PHNOM PENH, (Khmer Times) – One day after Eid al-Fitr – the three day feast to celebrate the end of the month-long fast of Ramadan – Mohammed Tayob Blake was on the plane to Bangkok.
“Once I am out of the country you can do whatever you want with my story,” he stressed in an exclusive interview with the Khmer Times. “But not until then as I am afraid of the Cambodian authorities.”
How it started
Mohammed – then 60 and now 65 – fell in love with 31 year old They Hong Chang, nicknamed Tee. Because he was over 50, they were married under Islamic law. “I was so in love with her. We had HIV tests, exchanged rings and were married at the mosque. We were so happy.”
At the time Mohammed was working on the Selimiye Mosque in South Africa, which is similar to the one in Edirne, Turkey. He claimed he earned about $12,000 a month with his specialized artisan skills, so he could afford the frequent trips he took to Phnom Penh to spend time with his beloved.
Mohammed and Tee got married at the mosque.
He also very quickly turned into a cash-cow. “Her family always wanted money from me. In the 14 to 15 months we were together I must have given them about $35,000. Tee’s mother was the worst,” he commented.
How it got complicated
“Tee, her sister and I were going to go to South Africa, so I bought us all one-way tickets to Bangkok so they could get visas. The plan was that we would go to Cape Town.”
It was September 15, 2010 and a day Mohammed will never forget. “The next morning we left at 07:00 to go to the South African embassy. It took us about 40 minutes to get to there. The women wanted to eat so we stopped at a restaurant. I said I would go to see if the embassy was open because it was only about 200 meters.”
The embassy didn’t open until 08:00. When he got back to the restaurant the women had disappeared.
“I didn’t know what to do, so I looked for them for about half an hour. Then I went back to the hotel and their bags were gone. I went to the airport and bought a ticket back to Phnom Penh.”
He checked into a guest house on the river front. The next morning – September 16, 2010 and a day he would remember even more clearly that the 15th– there was a knock at the door.
“There were three policemen standing there. They told me I was under arrest for human trafficking. At that time I didn’t even know what human trafficking was.
They took me to the police station and interrogated me because they said I had sold two women in Thailand. My mother-in-law had reported it. Next they asked for $1,000 and I said no, I wasn’t going to pay,” Mohammed paused for a moment.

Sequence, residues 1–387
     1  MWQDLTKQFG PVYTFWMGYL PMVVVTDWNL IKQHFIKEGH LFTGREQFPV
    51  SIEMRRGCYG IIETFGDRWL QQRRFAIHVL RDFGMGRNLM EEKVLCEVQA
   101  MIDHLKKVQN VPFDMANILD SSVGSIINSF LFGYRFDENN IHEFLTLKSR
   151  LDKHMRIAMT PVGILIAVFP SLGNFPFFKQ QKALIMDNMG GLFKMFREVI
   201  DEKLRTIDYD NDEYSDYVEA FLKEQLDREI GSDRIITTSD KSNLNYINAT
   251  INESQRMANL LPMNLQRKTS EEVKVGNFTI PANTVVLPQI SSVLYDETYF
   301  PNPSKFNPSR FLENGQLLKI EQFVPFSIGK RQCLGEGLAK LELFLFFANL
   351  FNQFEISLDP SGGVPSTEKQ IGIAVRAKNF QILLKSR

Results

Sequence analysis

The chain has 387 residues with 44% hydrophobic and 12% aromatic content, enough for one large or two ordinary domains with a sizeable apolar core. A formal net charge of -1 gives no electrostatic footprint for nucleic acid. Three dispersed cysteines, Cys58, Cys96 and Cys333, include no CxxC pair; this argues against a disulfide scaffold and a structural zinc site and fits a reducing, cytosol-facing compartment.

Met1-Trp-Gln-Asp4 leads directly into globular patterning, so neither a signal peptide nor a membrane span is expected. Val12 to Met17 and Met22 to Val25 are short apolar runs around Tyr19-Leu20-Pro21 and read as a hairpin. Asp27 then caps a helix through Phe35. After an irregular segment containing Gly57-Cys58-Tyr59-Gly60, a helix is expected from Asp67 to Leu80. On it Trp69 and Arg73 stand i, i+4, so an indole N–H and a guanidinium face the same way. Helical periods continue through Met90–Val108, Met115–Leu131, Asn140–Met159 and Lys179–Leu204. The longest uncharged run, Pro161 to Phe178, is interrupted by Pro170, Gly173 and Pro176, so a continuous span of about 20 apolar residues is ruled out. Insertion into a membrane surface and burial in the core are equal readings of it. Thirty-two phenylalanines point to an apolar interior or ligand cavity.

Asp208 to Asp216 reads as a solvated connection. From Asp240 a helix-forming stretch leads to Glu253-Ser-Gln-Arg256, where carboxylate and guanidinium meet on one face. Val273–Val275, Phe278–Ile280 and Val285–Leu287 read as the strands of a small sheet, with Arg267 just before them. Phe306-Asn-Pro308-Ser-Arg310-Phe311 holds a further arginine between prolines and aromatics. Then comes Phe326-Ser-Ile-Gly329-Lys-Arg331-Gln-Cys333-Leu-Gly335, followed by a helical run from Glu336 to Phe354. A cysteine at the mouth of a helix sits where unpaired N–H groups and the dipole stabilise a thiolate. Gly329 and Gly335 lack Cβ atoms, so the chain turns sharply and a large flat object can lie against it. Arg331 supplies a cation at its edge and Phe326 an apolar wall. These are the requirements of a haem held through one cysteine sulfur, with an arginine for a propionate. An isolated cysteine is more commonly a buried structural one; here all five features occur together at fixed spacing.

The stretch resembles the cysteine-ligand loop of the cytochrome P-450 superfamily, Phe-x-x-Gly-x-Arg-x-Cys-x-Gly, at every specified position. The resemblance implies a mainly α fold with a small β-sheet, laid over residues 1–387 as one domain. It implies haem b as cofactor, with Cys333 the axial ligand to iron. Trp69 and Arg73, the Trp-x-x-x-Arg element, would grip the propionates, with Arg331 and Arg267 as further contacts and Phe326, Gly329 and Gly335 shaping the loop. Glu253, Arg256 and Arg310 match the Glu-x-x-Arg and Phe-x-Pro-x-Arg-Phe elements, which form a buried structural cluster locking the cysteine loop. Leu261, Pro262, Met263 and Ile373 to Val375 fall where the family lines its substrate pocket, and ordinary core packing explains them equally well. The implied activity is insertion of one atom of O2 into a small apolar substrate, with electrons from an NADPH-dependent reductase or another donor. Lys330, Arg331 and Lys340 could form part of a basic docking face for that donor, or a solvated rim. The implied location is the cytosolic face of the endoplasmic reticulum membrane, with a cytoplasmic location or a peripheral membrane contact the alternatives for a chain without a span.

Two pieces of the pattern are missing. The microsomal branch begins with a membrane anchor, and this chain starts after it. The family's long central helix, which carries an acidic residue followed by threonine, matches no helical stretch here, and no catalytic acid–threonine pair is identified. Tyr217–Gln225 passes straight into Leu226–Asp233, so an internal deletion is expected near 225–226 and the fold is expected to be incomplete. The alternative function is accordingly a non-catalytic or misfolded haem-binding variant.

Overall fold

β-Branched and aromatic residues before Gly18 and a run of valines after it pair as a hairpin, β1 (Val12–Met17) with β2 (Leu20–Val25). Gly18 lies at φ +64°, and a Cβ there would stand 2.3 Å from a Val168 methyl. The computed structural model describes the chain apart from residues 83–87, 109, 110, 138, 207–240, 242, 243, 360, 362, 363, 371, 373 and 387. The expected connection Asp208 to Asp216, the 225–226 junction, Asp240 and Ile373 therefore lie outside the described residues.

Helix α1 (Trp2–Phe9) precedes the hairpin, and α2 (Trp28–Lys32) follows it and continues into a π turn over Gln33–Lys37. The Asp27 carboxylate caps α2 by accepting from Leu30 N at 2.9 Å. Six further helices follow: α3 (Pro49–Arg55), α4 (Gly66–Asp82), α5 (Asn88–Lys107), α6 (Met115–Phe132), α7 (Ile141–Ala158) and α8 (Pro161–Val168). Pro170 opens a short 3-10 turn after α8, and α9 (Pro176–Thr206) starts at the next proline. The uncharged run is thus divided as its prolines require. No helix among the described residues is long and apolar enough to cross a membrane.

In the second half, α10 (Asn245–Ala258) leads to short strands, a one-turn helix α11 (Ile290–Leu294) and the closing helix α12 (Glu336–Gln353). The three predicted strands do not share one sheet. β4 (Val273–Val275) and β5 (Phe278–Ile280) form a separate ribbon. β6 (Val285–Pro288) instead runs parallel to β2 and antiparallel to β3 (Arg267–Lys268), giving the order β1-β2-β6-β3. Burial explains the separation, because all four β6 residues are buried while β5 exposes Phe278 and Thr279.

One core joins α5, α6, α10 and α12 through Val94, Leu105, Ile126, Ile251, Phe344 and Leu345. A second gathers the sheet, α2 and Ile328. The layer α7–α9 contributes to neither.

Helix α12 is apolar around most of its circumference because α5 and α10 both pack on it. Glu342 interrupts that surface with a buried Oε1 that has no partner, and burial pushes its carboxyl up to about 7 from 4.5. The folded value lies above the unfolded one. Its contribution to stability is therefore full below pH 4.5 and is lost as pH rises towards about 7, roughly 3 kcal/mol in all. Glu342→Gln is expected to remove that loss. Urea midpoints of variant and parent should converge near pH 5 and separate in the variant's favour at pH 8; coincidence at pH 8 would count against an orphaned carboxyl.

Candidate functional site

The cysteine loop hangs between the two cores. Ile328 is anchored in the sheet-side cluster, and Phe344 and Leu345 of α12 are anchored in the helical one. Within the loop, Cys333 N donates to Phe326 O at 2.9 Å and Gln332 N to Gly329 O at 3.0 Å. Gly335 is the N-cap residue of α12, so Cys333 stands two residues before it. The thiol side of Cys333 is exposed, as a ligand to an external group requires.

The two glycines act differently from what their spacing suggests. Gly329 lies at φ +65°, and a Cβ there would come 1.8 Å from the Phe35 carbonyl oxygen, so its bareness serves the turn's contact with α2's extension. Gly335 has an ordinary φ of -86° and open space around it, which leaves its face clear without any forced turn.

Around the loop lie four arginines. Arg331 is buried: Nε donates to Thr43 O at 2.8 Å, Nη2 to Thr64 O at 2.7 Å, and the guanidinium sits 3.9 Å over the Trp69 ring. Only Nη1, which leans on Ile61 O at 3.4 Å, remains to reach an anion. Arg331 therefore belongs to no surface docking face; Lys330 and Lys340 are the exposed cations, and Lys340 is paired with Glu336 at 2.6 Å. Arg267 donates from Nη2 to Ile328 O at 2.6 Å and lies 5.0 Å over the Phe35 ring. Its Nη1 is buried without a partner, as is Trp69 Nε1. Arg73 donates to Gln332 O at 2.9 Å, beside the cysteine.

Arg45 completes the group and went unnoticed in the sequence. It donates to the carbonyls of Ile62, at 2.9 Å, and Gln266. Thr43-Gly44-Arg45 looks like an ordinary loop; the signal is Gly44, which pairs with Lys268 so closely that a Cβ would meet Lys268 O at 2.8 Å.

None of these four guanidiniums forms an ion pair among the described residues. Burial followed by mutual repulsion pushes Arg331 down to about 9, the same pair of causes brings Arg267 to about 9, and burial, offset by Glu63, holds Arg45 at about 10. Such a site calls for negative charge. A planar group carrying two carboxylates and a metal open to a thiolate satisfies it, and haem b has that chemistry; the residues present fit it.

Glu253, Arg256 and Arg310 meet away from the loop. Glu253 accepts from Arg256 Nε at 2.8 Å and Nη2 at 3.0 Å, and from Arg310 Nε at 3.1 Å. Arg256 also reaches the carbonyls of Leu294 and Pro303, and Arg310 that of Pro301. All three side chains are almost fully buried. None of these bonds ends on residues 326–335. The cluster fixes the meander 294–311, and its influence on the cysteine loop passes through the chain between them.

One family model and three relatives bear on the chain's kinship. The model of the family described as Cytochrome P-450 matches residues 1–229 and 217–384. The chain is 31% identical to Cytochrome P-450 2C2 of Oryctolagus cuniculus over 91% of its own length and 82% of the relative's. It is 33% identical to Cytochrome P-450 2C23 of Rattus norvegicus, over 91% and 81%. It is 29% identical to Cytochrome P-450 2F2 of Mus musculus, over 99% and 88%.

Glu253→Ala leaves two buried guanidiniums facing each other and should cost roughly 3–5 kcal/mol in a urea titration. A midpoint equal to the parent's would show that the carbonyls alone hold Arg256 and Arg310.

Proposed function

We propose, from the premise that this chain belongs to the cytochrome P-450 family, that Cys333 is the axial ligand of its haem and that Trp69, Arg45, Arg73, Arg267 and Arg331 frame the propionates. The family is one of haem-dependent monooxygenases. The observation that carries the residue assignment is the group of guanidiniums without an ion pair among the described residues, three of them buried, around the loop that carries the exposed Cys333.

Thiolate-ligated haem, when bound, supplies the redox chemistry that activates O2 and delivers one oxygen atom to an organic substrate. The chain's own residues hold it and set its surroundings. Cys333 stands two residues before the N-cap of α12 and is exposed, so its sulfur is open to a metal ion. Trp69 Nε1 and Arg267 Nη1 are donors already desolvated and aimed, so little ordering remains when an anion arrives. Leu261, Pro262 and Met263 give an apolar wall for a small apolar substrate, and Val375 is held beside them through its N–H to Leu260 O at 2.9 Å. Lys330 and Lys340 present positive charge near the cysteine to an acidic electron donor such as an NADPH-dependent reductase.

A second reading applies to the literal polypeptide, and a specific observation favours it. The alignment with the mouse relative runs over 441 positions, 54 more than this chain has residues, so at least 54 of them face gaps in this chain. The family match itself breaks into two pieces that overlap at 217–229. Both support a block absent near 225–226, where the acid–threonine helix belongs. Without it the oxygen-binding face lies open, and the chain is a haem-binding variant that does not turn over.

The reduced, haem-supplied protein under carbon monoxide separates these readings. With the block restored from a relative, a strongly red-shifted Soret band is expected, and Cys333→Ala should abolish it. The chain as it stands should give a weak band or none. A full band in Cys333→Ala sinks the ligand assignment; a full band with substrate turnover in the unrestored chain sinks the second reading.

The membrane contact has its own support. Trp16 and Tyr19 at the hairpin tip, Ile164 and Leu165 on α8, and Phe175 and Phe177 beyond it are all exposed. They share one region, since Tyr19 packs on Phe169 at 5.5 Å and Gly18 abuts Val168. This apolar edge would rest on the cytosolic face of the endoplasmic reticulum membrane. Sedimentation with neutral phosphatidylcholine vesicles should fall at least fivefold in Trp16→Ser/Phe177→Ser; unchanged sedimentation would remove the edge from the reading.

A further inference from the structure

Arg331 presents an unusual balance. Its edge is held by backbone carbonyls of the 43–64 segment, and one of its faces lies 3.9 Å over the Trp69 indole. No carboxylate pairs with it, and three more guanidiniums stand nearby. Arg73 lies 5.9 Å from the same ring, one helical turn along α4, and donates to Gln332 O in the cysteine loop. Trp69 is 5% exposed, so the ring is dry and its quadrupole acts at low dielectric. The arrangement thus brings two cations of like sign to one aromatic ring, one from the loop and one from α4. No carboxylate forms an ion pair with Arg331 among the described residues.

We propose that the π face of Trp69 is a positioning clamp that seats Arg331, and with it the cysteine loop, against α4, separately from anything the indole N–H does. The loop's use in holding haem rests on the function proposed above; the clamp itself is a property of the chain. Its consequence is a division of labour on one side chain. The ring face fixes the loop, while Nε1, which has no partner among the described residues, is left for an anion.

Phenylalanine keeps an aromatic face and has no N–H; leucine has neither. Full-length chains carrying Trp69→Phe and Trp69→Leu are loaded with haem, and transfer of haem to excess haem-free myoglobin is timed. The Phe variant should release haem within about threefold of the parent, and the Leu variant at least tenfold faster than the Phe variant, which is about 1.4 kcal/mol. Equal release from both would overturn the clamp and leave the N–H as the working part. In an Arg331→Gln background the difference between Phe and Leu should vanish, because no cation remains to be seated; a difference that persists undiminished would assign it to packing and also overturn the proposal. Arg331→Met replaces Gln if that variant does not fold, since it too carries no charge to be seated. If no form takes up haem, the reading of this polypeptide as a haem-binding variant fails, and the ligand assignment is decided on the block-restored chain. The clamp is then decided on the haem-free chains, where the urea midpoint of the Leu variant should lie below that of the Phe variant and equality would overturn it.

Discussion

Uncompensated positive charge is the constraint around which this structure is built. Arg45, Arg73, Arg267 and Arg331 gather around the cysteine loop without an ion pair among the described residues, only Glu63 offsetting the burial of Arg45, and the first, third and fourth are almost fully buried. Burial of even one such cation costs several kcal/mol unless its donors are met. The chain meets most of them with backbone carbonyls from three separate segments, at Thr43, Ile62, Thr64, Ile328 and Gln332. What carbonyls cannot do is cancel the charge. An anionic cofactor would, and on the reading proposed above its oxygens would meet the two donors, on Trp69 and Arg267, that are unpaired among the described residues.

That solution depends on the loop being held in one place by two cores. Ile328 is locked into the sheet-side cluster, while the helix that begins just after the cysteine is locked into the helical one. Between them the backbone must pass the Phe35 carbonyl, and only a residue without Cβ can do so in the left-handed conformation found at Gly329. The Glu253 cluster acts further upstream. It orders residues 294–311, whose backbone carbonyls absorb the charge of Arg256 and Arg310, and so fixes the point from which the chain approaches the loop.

“But if I knew then what I know now I would have just given them the money. They took my passport, my camera, my watch. Everything.”
How it got to jail
After initial processing at Prey Sor, Mohammed was transferred to the Municipal Police Prison. He went into a state of shock.“It was all very confusing. I had not committed any crime and yet I was in jail.”
Mohammed survived in prison by running errands, cleaning and helping where and when he could. Consequently he was allowed out of his cell and allowed to roam around.
“It is corrupt in jail. The director and the guards all take bribes. And there is more alcohol inside than out. Drugs. The ice man brings them in. There is lots of money in A Block and the prisoners there get special treatment. The people in B Block can’t pay.”
As happens in Cambodia, the wheels of the judicial system grind very slowly and it took until 2012 to get an appeal.
How it ended
On June 27, 2014 the case was heard in the supreme court. There was no evidence to substantiate the crime and the mother-in-law did not appear in court.
“The judge said to me, ‘You are free, you can go home today’.”
“My family had sent me some money,” he continued. “The director said I had to pay $400 to have the papers processed. The two deputies wanted $50 each. That is because they knew how much money I had. I cried in front of them. It is a lot of money, but I just wanted to put my foot out of the prison.”
Mohammed managed to get his passport – which is valid until 2019 – from the court with the help of Prisoner Fellowship. “At first they wanted $8,000, but I ended up paying $40 for the exit visa.”
How it will continue
Mohammed is out of the country and on his way back to South Africa. Once there he plans to find work in the building trade again.
What does he want? An official apology from the Cambodian government and compensation.
Cambodia had 3 years, 8 months and 20 days of the Khmer Rouge. Mohammed got an extra seven days.